Also implicit in their analysis is that corals and coral reef communities will adapt/acclimatize to rising temperature. This assumption is overstated, as the mechanisms involved [Rowan, 2004] are likely to apply to a few survivors rather than whole intact communities. Further, it appears likely that the price of high-temperature survival will be a symbiotic coral/algal partnership that is less productive than those adapted to more optimal conditions [Ware et al., 1996; Baker et al., 2004]. Adaptation of coral communities has been documented only on the century-to-millennium time scales of natural climate change [Veron, 1995].
 Finally, the authors do not consider that temperature change is unlikely to be smooth and gradual. The IPCC projects that increases in temperature variability will be at least as important as increases in the mean, which for corals could mean more frequent exposure to bleaching-level thermal stress.
5. Definition of Coral Reef Habitat and Comparison With Previous Results
 McNeil et al.  define coral reef habitat as the region where SST > 18°C. In reality, reef habitat is confined to a much smaller region (mainly, the additional constraint of water depth < 30 m). Their definition of habitat produces an average baseline temperature of 26°C, which is cooler than the present-day average temperature of reefs (average 27.6°C) [Kleypas et al., 1999b], and likely skews their results, particularly if their model predicts greater warming in the open ocean than in reef areas. Also, their definition of habitat does not take into account that poleward expansion of reef distribution due to warming is limited by other variables [Guinotte et al., 2003].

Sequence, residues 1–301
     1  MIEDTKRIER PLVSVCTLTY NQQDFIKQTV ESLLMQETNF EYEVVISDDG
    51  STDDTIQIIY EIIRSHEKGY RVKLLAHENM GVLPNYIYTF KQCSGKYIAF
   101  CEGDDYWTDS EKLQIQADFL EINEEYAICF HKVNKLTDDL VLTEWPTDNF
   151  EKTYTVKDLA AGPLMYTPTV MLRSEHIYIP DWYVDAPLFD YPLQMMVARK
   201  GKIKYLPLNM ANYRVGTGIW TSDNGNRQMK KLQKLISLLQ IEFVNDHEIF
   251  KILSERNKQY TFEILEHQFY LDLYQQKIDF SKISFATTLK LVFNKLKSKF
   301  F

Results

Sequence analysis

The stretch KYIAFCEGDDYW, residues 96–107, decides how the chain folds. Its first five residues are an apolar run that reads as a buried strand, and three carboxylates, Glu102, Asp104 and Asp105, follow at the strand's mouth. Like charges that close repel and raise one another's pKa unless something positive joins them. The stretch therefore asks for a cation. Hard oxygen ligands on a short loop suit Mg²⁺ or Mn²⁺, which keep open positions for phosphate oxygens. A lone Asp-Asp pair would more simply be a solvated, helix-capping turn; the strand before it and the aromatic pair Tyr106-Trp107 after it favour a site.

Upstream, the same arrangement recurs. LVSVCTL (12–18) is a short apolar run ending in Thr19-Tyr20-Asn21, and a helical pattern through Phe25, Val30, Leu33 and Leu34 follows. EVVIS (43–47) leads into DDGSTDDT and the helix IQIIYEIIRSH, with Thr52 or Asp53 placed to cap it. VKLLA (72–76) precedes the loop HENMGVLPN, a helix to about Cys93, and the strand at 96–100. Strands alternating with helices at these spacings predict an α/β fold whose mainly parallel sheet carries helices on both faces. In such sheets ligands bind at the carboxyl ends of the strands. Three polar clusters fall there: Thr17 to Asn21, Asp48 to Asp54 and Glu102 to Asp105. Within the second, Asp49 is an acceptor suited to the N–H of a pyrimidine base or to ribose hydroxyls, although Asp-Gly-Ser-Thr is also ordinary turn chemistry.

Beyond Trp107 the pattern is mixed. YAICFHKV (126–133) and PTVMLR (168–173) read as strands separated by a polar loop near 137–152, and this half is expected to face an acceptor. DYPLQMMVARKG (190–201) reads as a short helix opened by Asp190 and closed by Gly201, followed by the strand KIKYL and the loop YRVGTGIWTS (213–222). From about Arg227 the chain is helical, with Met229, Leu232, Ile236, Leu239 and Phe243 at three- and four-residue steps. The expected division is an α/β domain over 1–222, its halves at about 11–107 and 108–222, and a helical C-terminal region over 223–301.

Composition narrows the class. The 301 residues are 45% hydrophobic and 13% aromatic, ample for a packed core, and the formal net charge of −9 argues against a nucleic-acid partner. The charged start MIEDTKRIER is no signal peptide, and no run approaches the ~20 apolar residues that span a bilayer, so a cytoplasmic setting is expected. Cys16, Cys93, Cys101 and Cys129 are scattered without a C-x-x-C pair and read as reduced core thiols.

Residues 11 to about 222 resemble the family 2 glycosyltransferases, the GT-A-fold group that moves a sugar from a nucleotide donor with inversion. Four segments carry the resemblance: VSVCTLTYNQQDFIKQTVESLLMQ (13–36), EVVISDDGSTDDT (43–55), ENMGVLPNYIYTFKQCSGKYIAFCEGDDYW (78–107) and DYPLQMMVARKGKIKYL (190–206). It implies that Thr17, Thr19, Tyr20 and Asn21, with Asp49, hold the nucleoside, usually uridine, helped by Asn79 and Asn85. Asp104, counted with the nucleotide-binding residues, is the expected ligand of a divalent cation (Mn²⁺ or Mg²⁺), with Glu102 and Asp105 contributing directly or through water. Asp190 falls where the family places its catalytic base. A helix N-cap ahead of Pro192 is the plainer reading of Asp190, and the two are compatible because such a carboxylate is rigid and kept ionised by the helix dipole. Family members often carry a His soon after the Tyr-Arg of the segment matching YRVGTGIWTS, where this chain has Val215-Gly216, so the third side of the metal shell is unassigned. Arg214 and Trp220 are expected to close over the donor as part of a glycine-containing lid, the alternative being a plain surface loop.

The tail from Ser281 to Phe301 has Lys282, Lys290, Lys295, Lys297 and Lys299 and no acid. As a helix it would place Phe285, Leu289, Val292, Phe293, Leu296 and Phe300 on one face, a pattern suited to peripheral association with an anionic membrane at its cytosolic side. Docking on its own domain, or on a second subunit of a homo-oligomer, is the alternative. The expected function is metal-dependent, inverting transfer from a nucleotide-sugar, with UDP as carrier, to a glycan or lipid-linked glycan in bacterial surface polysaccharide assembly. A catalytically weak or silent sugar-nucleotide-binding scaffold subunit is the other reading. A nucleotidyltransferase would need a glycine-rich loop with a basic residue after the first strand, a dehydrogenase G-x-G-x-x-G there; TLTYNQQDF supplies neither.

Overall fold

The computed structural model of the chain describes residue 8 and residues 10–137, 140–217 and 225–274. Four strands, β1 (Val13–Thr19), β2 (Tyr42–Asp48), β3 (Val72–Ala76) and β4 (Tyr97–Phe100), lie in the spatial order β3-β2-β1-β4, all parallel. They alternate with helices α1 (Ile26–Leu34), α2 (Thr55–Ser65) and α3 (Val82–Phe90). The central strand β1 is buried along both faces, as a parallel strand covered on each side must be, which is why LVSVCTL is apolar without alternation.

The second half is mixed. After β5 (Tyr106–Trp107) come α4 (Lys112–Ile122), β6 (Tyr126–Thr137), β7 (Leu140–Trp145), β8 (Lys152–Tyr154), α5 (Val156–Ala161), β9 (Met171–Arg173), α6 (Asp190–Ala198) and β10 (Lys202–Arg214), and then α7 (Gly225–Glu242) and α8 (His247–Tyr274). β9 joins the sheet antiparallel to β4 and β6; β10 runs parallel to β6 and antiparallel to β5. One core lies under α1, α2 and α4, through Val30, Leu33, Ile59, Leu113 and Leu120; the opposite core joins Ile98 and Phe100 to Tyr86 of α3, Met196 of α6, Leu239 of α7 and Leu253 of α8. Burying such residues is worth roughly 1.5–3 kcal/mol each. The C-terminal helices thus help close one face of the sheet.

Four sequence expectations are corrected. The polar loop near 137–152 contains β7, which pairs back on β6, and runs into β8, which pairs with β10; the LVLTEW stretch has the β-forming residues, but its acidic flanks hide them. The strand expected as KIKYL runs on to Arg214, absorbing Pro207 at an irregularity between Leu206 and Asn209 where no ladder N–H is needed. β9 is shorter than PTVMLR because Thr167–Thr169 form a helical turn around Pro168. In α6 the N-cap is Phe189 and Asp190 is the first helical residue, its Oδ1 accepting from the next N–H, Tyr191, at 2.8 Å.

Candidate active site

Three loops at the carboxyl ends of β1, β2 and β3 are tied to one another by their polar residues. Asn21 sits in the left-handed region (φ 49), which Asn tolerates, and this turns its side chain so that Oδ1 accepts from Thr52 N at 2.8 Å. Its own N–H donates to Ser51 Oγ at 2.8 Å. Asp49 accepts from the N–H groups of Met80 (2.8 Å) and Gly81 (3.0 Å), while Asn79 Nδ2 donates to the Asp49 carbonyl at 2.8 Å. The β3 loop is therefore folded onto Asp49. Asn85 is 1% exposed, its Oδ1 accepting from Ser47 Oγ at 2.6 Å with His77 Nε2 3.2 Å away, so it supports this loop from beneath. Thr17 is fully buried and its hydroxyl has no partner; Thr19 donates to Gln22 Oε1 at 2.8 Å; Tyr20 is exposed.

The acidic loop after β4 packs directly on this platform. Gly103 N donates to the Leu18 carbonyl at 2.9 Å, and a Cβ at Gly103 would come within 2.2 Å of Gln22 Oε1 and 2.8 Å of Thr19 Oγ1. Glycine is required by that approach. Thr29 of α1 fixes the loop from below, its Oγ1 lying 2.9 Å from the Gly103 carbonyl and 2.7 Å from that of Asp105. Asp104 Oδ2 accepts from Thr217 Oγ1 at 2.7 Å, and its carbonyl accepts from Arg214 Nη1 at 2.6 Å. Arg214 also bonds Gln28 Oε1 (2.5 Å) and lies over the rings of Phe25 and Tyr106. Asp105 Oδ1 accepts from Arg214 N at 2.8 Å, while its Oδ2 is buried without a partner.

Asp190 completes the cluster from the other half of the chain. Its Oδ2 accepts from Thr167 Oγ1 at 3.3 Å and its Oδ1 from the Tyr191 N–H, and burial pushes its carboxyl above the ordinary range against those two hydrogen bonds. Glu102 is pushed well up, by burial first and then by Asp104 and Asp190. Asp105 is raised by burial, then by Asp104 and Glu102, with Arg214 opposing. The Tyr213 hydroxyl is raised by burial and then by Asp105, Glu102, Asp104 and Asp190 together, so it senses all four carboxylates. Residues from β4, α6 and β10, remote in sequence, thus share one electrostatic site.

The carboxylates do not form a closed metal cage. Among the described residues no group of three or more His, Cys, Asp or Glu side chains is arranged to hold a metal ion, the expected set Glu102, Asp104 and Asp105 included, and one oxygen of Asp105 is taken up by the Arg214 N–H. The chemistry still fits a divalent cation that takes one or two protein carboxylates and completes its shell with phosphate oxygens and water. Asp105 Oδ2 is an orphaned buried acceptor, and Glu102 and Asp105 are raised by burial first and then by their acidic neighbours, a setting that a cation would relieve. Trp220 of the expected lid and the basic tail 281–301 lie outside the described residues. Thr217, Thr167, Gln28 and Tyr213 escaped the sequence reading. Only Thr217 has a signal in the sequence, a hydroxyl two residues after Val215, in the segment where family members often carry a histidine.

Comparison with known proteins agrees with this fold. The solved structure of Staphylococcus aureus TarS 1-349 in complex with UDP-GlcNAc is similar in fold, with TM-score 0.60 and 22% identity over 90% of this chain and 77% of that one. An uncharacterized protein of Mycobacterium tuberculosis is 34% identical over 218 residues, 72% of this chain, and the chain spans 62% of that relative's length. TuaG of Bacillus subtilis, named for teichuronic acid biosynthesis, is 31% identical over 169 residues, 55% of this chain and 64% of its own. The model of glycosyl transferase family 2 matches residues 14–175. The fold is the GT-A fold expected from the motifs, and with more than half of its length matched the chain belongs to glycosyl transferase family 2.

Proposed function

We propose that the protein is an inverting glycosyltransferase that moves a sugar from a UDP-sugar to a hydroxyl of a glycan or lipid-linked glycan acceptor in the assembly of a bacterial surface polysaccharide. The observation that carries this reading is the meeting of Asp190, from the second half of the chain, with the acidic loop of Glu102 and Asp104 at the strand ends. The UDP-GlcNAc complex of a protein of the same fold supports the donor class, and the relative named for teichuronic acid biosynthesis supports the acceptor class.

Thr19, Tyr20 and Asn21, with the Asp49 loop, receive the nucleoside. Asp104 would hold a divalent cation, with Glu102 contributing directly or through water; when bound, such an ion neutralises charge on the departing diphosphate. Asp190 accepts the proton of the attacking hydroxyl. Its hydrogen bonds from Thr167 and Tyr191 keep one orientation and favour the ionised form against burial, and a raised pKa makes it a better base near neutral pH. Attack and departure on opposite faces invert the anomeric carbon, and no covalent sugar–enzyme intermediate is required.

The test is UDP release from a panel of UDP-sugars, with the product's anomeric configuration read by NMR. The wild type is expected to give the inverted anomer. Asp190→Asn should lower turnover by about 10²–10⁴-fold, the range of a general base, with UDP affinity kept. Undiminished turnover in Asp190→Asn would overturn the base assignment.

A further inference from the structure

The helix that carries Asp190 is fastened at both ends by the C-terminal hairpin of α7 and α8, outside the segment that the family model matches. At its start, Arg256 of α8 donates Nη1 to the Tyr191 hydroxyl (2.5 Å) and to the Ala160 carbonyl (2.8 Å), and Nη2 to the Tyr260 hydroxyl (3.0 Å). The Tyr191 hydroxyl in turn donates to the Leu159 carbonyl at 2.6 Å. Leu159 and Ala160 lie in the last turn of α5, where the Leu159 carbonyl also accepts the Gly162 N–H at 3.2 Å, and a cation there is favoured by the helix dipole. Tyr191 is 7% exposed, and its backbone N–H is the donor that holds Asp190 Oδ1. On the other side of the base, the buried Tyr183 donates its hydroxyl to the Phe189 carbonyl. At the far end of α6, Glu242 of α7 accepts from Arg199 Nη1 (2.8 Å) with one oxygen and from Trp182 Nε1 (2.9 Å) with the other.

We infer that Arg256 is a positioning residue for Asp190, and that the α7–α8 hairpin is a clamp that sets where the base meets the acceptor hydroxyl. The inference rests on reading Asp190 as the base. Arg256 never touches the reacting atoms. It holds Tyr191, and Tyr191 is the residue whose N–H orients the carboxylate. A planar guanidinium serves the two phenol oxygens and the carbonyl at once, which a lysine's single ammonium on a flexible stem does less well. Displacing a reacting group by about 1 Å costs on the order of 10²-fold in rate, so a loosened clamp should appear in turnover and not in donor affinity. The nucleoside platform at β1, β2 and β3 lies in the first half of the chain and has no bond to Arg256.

McNeil et al.  imply that the Kleypas et al. [1999a] estimate of future Ωarag did not take into account temperature and alkalinity feedbacks on the carbonate system. In fact, the Kleypas et al. study included a comparable temperature rise to that used by McNeil et al., as well as modeled feedbacks on alkalinity.
 McNeil et al.  attempt to address an important question about the interactions of temperature and carbonate chemistry on calcification, but their projected values of reef calcification are based on assumptions that ignore critical observational and experimental literature. Certainly, more research is needed to better understand how changing temperatures and carbonate chemistry will affect not only coral reef calcification, but coral survival. As discussed above, the McNeil et al.  analysis is based on assumptions that exclude potentially important factors and therefore needs to be viewed with caution.
 The views, opinions, and findings contained in this report are those of the authors and should not be construed as an official National Oceanic and Atmospheric Administration or U.S. Government position, policy, or decision.